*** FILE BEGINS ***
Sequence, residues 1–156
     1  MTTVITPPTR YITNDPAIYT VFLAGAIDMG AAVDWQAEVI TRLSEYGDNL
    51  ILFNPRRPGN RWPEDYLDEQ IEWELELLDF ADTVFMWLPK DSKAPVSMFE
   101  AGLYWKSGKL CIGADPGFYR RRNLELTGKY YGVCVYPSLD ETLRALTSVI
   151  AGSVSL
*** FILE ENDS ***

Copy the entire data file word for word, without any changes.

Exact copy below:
Sequence, residues 1–156
     1  MTTVITPPTR YITNDPAIYT VFLAGAIDMG AAVDWQAEVI TRLSEYGDNL
    51  ILFNPRRPGN RWPEDYLDEQ IEWELELLDF ADTVFMWLPK DSKAPVSMFE
   101  AGLYWKSGKL CIGADPGFYR RRNLELTGKY YGVCVYPSLD ETLRALTSVI
   151  AGSVSL